President Bush's State of the Union address last night offered a modest outline for domestic programs in the year ahead, a sharp contrast to the expansive role he mapped out for America in the world.

Describing America as a "nation that believes in the future . . . that can shape the future," Bush reached into the past for proposals from the first two years of his administration -- and from previous Republican presidents.

Chief among them was a call to turn as much as $20 billion in federal programs over to the states for them to run free from federal regulations. Proclaiming the "innovative power of 'States as Laboratories,' " Bush said that "where power cannot be put directly in the hands of the individual, it should be moved closer to the people -- away from Washington."

The idea is hardly a new one. In his 1982 State of the Union address, President Ronald Reagan outlined a "New Federalism" that would turn more and more programs over to states to run. That, in turn, was reminiscent of President Richard Nixon's program turning federal revenues over to states.

Bush used the newly minted theme of empowering individuals to describe a number of other previously proposed initiatives: He would enable "parents to choose their children's schools," encourage "tenant control and ownership of public housing" and create enterprise zones to encourage investment in run-down neighborhoods.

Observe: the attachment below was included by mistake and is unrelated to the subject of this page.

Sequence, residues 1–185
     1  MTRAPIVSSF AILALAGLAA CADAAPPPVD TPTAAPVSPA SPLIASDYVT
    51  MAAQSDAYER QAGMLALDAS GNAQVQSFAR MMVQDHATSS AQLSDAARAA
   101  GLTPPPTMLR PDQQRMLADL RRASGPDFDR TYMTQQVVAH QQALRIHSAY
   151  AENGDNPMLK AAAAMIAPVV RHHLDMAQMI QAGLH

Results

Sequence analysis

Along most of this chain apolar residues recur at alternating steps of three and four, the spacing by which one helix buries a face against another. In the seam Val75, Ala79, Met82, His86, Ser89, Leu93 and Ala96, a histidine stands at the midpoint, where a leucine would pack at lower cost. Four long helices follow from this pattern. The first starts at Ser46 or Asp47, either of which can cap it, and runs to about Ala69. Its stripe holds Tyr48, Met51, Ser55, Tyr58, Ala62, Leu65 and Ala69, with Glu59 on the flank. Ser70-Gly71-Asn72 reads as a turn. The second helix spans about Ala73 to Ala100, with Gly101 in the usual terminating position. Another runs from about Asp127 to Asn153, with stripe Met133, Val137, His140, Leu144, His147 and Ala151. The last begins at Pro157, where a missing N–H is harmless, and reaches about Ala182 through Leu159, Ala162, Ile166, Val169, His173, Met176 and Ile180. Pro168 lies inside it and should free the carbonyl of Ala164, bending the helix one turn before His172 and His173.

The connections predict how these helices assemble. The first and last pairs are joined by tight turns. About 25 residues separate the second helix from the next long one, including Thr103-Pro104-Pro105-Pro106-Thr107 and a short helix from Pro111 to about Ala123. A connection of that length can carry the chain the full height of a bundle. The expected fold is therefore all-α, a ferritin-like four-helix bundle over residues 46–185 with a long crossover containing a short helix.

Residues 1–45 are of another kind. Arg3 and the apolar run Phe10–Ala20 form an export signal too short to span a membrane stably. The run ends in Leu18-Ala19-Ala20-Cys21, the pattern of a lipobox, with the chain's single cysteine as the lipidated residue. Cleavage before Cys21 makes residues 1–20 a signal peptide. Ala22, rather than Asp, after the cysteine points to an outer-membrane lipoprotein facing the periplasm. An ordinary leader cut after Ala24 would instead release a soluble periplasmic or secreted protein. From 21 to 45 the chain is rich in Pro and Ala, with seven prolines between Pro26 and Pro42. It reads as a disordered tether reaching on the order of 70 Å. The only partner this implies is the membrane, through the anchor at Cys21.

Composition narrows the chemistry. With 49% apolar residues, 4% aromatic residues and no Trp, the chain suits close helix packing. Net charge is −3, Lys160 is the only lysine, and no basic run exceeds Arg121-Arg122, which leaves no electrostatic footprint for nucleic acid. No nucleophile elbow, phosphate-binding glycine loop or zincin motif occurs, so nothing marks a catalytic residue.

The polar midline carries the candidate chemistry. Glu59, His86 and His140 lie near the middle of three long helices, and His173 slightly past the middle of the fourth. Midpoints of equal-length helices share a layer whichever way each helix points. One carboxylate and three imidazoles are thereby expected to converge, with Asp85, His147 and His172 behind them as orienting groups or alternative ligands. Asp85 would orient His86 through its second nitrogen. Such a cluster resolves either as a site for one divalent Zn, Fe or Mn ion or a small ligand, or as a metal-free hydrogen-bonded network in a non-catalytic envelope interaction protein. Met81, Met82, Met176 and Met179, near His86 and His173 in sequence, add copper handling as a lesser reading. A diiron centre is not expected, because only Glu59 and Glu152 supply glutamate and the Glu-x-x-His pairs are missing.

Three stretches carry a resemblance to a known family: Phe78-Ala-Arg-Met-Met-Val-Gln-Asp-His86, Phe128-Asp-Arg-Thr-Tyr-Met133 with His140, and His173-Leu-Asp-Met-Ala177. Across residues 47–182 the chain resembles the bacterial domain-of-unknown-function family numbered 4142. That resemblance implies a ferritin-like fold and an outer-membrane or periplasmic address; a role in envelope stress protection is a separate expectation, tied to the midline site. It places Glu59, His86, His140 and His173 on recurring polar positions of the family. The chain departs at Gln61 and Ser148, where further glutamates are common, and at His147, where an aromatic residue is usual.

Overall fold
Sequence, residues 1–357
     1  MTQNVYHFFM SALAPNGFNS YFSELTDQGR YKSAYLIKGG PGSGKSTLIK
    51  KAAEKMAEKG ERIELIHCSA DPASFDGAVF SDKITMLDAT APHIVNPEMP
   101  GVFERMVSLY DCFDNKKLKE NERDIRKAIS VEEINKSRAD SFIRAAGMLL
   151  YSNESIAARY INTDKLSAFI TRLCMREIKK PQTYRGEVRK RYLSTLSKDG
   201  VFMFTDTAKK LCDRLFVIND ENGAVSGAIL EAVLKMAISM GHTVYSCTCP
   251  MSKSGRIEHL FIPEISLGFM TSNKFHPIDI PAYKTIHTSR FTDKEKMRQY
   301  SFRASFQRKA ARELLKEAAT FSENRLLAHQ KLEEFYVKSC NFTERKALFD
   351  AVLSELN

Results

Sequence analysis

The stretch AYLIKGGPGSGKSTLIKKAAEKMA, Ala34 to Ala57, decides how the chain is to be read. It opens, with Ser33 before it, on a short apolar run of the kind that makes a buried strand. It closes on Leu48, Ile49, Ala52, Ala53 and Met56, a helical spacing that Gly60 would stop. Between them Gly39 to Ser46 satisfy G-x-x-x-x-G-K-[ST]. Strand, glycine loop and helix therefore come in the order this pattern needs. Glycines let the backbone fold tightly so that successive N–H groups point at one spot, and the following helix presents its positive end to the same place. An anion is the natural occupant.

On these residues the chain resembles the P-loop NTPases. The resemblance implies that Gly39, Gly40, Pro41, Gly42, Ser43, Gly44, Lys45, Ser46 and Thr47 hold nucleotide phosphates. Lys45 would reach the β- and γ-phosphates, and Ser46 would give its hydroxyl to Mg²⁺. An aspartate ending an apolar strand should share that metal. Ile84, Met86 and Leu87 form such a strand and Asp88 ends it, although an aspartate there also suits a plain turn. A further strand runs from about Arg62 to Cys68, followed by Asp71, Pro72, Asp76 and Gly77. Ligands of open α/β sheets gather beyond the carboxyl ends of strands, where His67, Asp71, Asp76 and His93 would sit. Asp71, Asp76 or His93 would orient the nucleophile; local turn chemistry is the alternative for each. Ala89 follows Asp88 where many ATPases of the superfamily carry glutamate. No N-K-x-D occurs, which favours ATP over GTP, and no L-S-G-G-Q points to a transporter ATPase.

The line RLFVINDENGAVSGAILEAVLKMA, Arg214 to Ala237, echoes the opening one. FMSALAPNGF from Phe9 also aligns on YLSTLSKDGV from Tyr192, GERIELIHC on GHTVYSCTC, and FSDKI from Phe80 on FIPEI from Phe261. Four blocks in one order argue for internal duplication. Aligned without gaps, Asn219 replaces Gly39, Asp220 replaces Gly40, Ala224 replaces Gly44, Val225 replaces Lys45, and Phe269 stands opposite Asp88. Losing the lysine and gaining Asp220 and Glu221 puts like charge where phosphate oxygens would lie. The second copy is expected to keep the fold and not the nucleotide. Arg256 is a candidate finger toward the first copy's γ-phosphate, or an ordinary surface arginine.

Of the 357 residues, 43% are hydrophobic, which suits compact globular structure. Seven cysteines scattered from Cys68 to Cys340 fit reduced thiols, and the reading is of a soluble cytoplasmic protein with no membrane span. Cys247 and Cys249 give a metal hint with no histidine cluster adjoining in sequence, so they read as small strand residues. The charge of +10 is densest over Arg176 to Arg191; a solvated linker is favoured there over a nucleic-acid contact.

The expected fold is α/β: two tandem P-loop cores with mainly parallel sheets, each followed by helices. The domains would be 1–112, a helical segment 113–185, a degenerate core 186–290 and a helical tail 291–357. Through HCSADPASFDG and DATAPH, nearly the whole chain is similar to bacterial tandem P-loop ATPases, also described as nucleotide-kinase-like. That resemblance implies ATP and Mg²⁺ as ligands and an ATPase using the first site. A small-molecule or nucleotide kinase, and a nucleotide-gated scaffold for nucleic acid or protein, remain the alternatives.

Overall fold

While not using the precise terminology, Bush acknowledged the notion of "empowerment" that has been championed by conservative Republicans who have put such proposals under the umbrella of the "New Paradigm." That phrase has been put forward by White House aide James P. Pinkerton, mocked by Office of Management and Budget Director Richard G. Darman and defended by House Minority Whip Newt Gingrich (R-Ga.).

Bush offered a minimalist approach on several domestic issues, and said little about difficult economic problems. He didn't mention the record size of the federal deficit, and paused to discuss the nation's economic woes only long enough to vow "We will get this recession behind us."

On civil rights, Bush said that all Americans have a "responsibility to speak out against racism, bigotry and hate." But he offered no new proposals, pledging only to "continue our vigorous enforcement of existing statutes" and to oppose hiring quotas, an issue Republican candidates put to good use in last year's congressional elections.

Democrats in Congress intend to push employment discrimination legislation that Bush charged would impose quotas when he vetoed it last year.

Bush also gave only brief mention to previous commitments to develop new policies on energy and health. He called for "conservation and efficiency, increased development and greater use of alternative fuels," and pledged new "prevention initiatives . . . to promote a healthier America."